We shared the following Giving USA infographic with task force members to emphasize the size and scope of nonprofit fundraising in our economy:

Because there was much interest in how nonprofits would react to postage increases, we brought their attention to several links to real-world stories about nonprofits, fundraising and mail.

While the task force is probably aware of the websites below, but we want to bring their attention to the nonprofit components of them.  There are no data on aggregate price elasticity of nonprofits, but there are many letters and stories about how much they rely on mail, how they would have to reduce mailings if rates went up more than inflation, and how their programs would be negatively affected.

It also is important to note that historical elasticity data cover a long period in which postal pricing generally rose at the rate of inflation.  We do not believe the historical look-back data are an accurate indicator of what will happen if above-inflation increases become the norm.  We also note that we made the point in our comments on the PRC rulemaking that the regulator made no effort to measure the probable impact on volume of 5 to 7% rate increases annually that they proposed.

Smithsonian National Postal Museum Online Exhibit: America’s Mailing Industry

Comments on PRC Regulatory Review, including many letters from nonprofits

Comments on USPS technical proposal to change calculation of nonprofit rates, rejected by PRC, including many letters from nonprofits

Nonprofit Marketing Mail Volume


The majority of nonprofit mail is Marketing Mail (formerly Standard Mail).  Its volume is driven by the economy and its impact on donations, and by the cost of mailing which is affected heavily by postage pricing.  Approximately one-third of the cost of direct mail is postage.

We offer the following graph that shows the major decline in NPMM volume caused by the great recession, and the further decline following the 4.3 percent exigent surcharge. Volume continued at 12.3 billion pieces in FY 2017.

The 2009 recession-driven decline from 14.8 billion to 13.5 billion pieces was 8.8 percent. The exigent surcharge drop in volume from 13.4 billion to 12.3 billion in 2014 was 8.3 percent.  The exigent surcharge added 4.3 percent above the CPI on all types of mail and lasted from January 26, 2014 to April 10, 2016, costing all mailers $4.634 billion.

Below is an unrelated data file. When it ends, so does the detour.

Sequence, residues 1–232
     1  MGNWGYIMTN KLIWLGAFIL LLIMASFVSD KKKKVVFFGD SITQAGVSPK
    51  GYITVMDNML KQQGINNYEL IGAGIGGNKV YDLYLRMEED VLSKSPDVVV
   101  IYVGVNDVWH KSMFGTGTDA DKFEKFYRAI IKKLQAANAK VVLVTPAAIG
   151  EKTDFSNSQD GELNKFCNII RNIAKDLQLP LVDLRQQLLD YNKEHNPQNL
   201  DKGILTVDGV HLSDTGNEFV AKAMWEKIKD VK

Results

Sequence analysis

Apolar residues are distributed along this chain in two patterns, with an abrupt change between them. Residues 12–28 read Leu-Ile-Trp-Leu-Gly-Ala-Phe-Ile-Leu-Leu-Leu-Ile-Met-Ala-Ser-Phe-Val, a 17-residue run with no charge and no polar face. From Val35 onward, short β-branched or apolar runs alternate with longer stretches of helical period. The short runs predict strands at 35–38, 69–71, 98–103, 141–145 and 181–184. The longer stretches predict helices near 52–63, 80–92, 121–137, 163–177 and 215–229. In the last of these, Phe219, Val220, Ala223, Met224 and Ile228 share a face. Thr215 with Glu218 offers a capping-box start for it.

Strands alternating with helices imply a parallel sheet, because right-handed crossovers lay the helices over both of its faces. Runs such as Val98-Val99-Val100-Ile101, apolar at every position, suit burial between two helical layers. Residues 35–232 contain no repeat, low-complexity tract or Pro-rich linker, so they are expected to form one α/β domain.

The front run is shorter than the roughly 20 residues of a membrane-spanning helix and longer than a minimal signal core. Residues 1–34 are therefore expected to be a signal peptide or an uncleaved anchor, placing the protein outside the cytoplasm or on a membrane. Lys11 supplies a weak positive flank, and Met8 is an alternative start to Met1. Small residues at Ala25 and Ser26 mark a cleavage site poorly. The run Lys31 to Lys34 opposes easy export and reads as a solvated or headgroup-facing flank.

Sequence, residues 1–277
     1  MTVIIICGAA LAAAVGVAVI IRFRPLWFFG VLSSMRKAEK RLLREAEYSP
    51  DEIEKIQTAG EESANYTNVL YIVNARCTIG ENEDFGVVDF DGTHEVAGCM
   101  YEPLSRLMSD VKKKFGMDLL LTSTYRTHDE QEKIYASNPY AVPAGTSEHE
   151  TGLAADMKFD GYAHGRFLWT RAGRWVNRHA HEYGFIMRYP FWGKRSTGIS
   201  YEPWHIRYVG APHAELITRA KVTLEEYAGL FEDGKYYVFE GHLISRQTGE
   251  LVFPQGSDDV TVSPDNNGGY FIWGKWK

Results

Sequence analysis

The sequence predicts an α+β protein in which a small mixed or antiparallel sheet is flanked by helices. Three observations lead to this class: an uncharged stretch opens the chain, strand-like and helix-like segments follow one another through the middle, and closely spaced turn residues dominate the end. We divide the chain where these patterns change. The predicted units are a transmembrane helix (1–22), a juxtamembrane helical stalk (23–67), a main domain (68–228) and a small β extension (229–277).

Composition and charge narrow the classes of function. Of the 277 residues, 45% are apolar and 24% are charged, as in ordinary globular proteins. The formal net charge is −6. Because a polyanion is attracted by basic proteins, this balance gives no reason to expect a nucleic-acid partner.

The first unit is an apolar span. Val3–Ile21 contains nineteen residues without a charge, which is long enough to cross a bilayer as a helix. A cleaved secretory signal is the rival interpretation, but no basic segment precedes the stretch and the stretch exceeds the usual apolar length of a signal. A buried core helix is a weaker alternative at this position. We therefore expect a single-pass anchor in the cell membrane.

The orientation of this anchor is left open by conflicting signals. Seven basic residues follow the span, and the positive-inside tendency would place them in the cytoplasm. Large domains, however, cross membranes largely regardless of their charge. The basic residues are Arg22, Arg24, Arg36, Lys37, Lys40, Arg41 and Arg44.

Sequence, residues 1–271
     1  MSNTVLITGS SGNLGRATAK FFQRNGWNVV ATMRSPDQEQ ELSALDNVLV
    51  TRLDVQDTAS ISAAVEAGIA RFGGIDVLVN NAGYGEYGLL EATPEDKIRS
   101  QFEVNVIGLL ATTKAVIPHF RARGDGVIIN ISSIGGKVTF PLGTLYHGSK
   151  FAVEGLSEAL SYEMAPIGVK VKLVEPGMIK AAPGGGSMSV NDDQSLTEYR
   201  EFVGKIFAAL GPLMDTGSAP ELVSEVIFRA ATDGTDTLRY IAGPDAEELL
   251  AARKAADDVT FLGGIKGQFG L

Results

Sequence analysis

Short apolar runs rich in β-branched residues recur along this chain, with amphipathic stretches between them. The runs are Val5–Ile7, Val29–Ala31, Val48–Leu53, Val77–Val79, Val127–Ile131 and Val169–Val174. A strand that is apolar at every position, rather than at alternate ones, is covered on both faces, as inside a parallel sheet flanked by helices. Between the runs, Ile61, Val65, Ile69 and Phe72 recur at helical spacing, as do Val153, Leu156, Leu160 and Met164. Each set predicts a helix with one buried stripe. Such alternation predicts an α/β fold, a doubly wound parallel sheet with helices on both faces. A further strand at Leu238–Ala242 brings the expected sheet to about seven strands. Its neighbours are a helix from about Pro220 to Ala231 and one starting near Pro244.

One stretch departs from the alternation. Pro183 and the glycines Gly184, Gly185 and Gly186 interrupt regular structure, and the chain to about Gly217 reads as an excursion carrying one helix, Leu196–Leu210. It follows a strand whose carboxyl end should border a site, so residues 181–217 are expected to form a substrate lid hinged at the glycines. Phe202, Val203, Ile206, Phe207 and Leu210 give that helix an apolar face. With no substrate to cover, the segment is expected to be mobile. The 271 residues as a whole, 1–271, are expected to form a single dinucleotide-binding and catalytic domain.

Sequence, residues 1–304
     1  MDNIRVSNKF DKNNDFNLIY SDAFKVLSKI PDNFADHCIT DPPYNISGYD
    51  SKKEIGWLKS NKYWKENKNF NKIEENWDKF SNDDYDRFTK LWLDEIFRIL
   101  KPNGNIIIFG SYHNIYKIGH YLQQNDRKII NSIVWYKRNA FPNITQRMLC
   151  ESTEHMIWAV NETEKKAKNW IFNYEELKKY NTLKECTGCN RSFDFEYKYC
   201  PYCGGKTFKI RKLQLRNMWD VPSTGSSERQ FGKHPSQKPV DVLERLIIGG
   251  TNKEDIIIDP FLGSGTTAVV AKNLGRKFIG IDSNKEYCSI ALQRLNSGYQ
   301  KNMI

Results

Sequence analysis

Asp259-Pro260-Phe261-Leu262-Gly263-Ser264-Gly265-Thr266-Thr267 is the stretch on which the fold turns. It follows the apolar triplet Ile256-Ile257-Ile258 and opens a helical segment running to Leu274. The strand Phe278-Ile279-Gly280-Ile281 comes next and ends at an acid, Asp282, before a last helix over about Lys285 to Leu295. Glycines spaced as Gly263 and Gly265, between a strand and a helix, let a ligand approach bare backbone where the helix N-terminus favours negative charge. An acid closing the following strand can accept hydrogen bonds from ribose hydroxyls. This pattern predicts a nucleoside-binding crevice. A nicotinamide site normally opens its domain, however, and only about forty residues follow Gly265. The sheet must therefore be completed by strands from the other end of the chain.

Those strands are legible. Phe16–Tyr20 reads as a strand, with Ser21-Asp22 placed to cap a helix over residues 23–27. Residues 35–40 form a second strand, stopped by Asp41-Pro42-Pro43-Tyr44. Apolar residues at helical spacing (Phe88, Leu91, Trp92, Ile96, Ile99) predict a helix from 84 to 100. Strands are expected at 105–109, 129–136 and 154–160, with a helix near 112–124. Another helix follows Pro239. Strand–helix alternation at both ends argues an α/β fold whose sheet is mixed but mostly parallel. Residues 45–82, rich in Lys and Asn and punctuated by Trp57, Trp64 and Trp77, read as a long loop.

During this period the USPS made a concerted effort to ensure that the surcharge would be permanent in both the U.S. Court of Appeals and Congress. So, mailers faced an extended period of uncertainty about whether the increase would be permanent.  And of course, that uncertainty continues with bills in Congress including rate increases, and the PRC proposal to surcharge the CPI cap by 3 to 5 percentage points.


Next Steps


We believe our experience so far with the President’s Task Force validates our Board of Directors’ decision to endorse the initiative on April 24: Press Release–Nonprofit Mailers Applaud President’s Task Force on our Postal System.  We continue to believe what we said then: “The Task Force envisions very much needed comprehensive analysis leading to a balanced set of reforms taking into account massive changes in communications, technology, and e-commerce.”

The task force will complete its report by August 10, 2018.  The issuance of the report will be proceeded by an internal, cross-agency review that typically lasts up to 60 days but could be shorter in this case.  We do not expect either Congress or the Postal Regulatory Commission to act on their partial efforts before the President’s Task Force issues its report.  The worst-case scenario, however, still hangs over the mailing community for up to 7 percent rate increases in January 2019 if the PRC acts precipitously.


 Main Treasury Building, 4th Floor, Washington, DC